Wednesday, 19 July 2017

Latest Amerindian Studies

Here are my latest Amerindian studies. Mostly on Waterford High White, all 16" x 12". Two other failures I've not posted but I'm reasonably happy with the ones below, although I prefer the female ones.

16" x 12" Waterford. Young Amerindian Woman

American Indians are not one homogenous type. They vary enormously both in physical characteristics - from quite tall to short - and skin colour, some very dark, others much lighter. This is a particularly attractive young lady, at least in white terms. I've no idea what tribe she belongs to. The painting above has been modified from the original posted on Facebook. The left facing eye wasn't right and I also softened a few hard lines. This is a definite improvement.

16" x 12" Amerindian Woman - Waterford High White

I quite like this one. Posted on my Portrait Facebook page it hasn't attracted much in the way of likes but this happens to me all the time, while others sometimes get hundreds. My fate to be unrecognised - just a joke!

16" x 12" Amerindian Woman - Waterford High White

This one and that immediately above was about  not spending much time on the hair, which both subjects had in abundance, in an attempt to vary the way I tackle the subject. I used the guide photos as just that - guides - and tried to capture certain characteristics, mainly the eyes but in a less formal way. You can get bogged down with  hair and Charles Reid always says don't!

Crow Chief White Bear - Waterford High White

Santee Sioux - Moldau 130lb - unfinished

This one and that above are notable for the topknots. The Santee Sioux example is unfinished and I don'y know whether I'll do any more with it The Santee Sioux lived in Minnesota. The pressure of white settlement caused them to rise up in 1863 and attempt to exterminate the white population. Many hundreds of mainly settler men,  women and children were killed in the most brutal way, but eventually they were defeated and the perceived ringleaders hanged, although some sentences were commuted. As usual there are different views on the rights and wrongs of what happened. The main chief Little Crow was later killed with his son when gathering berries in a forest where they were hiding.  The remnants were driven from Minnesota. One notorious minor chief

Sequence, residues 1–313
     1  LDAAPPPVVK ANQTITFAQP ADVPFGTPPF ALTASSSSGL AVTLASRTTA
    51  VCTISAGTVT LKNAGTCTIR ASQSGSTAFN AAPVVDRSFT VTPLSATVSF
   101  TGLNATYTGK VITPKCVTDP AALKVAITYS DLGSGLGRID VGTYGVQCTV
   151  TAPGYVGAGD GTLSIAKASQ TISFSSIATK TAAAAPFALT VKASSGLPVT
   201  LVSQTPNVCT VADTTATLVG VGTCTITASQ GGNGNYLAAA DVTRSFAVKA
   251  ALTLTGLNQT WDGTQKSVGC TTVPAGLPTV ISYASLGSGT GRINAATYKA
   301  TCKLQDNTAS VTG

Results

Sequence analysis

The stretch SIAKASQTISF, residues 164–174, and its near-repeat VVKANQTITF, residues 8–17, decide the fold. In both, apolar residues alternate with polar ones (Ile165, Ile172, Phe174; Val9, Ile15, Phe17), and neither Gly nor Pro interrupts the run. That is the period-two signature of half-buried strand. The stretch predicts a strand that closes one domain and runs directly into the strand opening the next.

called Inkpaduta, notorious for the so-called Spirit Lake massacre, travelled hundreds of miles with his small following and gained refuge with the plains Sioux. Reputedly he was at the Little Big Horn in 1876 when Custer and his command were wiped out.

Painting these subjects I mainly used my small Craig Young painting box with Cadmium Red, Raw Sienna, Cerulean and Ultramarine Blue, in different combinations, the principal colours. Brushes are my Isabey No 6 Travel Brush and Isabey Sables 4,6 and 8. Also started introducing the Escoda Kolinsky sable Size 14 principally for the hair. My Guru Charles Reid always says don't spend too much time on the hair. As for paper  my choice is the Waterford High White blocks. As a block they hold together much better than say Fabriano. You may notice I used Moldau on the Santee Sioux. I purchased 40 sheets at great expense and effort a while back and thought I needed to use them. They are only 130lb and supposedly A3 but are slightly smaller especially in width. They do buckle noticeably. I have stretched in the past but am reluctant to do it again. I have quite a lot of paper accumulated over the years in sheets. Various types with Waterford original in the majority but quite a few other makes. I now much prefer the Waterford blocks but will have to use this other stuff as well.


abdulMuiz Chulan said...

There was a theory and research that the red indians of america were muslims...this was before the arrival of Columbus..

Anyway, have you tried Arches block?

abdulMuiz Chulan said...

Oh one interesting facts is we malays look very much the same like the red indians haha..

Peter Ward said...

Hi Abdul. It's an interesting topic -how did the first inhabitants get to North America and where did they come from? I was actually referring to the physical characteristics of the tribes as and when first encountered by white explorers. Obviously today things aren't the same due to intermarriage and the different type of living conditions today, diet etc. There were hundreds of different tribes, although many were very small , less than a thousand, and even the largest tribes like the Sioux were not very large in European terms.

I have used Arches blocks in the past. I now prefer Waterford for a number or reasons including cost. Arches is very expensive and a lot of people don't like the hard sizing. The blocks do handle well but I don't think they are significantly better than Waterford.

abdulMuiz Chulan said...

Interesting opinion regarding the paper mr Ward.I have always thought that arches are the ultimate paper and that british loves waterford just because they are made in the UK. Now my perception has change.

abdulMuiz Chulan said...

I do have an unused arches block 15x30 and somehow I have a mental block to start painting on it.

As for how the indians got there...I think the ancient technology and maritime expertise are quite outstanding. Of course all came from Adam haha...

abdulMuiz Chulan said...

Oh regarding the sizing, I've read in John Pike's 1960s book he said you have to sponge out the sizing with clear water and let it dry. You'll find that it will 'bite' better.

Peter Ward said...

Arches is the favourite of many but Waterford is a good alternative and cheaper. If you stretch that will reduce the sizing but i don't bother anymore.